As an UK Ambassador for Women on Boards UK, this topic is very close to my heart. But it goes a lot deeper than the gender gap on UK boards, or the gender pay gap, important as these are.
Many marketers are striving to be more inclusive, and importantly, to do more than just tick the boxes via a diversity policy that only exists in reality on paper.
By embracing and reflecting real-world diversity better, you can build greater brand affinity and deeper customer relationships while also playing your part as an organisation in terms of working to effect positive change in the real world and also improving your bottom line – many of today’s consumers, especially younger demographics, LGBTQ individuals, people of color, and people with disabilities, are rewarding brands that capture diversity, share their inclusive values, and espouse causes that support social equity.
It was reported in e-Marketer a few days ago that a May 2019 survey by Adobe found that 62% of US adults said diversity in a brand’s advertising had at least some impact on the way they perceived that brand’s products and services, with 24% reporting it had a “major” impact. More than six in 10 (61%) respondents said diversity in ads was somewhat important or very important, and 38% said they’d be more likely to trust a brand that showed diversity in its advertising.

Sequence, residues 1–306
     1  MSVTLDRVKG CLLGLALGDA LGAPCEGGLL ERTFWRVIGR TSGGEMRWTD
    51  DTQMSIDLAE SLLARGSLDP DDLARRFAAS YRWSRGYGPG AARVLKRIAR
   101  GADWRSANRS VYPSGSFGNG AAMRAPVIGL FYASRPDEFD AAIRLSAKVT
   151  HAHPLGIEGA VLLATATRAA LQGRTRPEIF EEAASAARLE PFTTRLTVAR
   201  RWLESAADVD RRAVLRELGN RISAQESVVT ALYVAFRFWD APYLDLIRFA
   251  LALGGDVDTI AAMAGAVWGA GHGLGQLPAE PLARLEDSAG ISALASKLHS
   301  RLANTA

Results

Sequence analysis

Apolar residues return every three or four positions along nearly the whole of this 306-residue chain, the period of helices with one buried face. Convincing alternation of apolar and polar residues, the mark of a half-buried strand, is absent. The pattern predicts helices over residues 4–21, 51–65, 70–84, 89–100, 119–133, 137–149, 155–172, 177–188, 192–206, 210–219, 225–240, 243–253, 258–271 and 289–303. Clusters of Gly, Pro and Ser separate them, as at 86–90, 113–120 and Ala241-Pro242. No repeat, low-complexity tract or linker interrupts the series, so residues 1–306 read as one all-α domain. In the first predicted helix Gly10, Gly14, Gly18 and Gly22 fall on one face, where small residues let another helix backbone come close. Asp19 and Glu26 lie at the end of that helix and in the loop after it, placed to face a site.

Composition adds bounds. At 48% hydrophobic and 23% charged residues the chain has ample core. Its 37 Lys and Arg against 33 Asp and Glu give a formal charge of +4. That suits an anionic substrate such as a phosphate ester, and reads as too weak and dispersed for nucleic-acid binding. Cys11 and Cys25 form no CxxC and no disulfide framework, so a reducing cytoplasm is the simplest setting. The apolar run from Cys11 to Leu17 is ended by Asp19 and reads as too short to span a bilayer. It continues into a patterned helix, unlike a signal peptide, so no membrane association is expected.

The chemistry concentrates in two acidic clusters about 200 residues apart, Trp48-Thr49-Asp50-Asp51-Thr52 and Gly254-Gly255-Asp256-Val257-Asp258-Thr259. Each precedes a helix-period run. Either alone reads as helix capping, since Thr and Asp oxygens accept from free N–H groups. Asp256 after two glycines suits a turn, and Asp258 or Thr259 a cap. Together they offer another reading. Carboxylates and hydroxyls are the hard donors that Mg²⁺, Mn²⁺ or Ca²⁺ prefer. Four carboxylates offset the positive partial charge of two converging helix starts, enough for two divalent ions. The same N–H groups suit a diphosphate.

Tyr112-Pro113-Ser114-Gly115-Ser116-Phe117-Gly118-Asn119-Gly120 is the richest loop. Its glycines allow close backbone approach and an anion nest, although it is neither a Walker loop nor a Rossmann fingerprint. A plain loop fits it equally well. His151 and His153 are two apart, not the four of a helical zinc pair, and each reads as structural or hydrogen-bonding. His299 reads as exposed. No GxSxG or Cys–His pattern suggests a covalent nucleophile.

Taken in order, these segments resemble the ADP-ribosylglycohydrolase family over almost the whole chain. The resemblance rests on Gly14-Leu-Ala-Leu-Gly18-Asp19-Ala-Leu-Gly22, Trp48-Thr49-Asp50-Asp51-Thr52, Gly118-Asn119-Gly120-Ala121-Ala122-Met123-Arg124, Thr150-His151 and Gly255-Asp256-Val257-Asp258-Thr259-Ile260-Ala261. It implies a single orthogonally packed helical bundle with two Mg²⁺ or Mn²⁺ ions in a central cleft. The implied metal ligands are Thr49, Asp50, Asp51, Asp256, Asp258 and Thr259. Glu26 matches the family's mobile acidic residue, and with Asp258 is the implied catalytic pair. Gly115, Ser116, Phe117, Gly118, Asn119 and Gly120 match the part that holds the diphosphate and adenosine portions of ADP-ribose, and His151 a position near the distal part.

In August 2019, The Female Quotient, Google, and Ipsos surveyed nearly 3,000 US consumers from diverse backgrounds in an attempt to understand the relationship between ads that were diverse and inclusive and people’s behavior after seeing those ads. Respondents were asked to consider 12 attributes: gender identity, age, body type, race or ethnicity, culture, sexual orientation, skin tone, language, religious or spiritual affiliation, physical ability, socioeconomic status, and overall appearance of people featured in each ad. The study found that 64% of overall respondents reported taking some type of action after seeing an ad they thought was diverse or inclusive. These percentages were significantly higher among those who were Latino (85%), Black (79%), Asian or Pacific Islander (79%); LGBTQ (85%); millennials (77%); and teens (76%).
Closer to home The Drum is a global media platform and the biggest marketing website in Europe. It says : “It’s not a question of what brands should do first to become more diverse – it’s a question of why they’re not doing it all yet. In 2020, diversity should be a hygiene factor………Diversity in advertising, by its very definition, isn’t just about one thing – it’s not just about gender, age, race, sexual identity, disability or ethnicity. It’s about all of those factors – and much more.”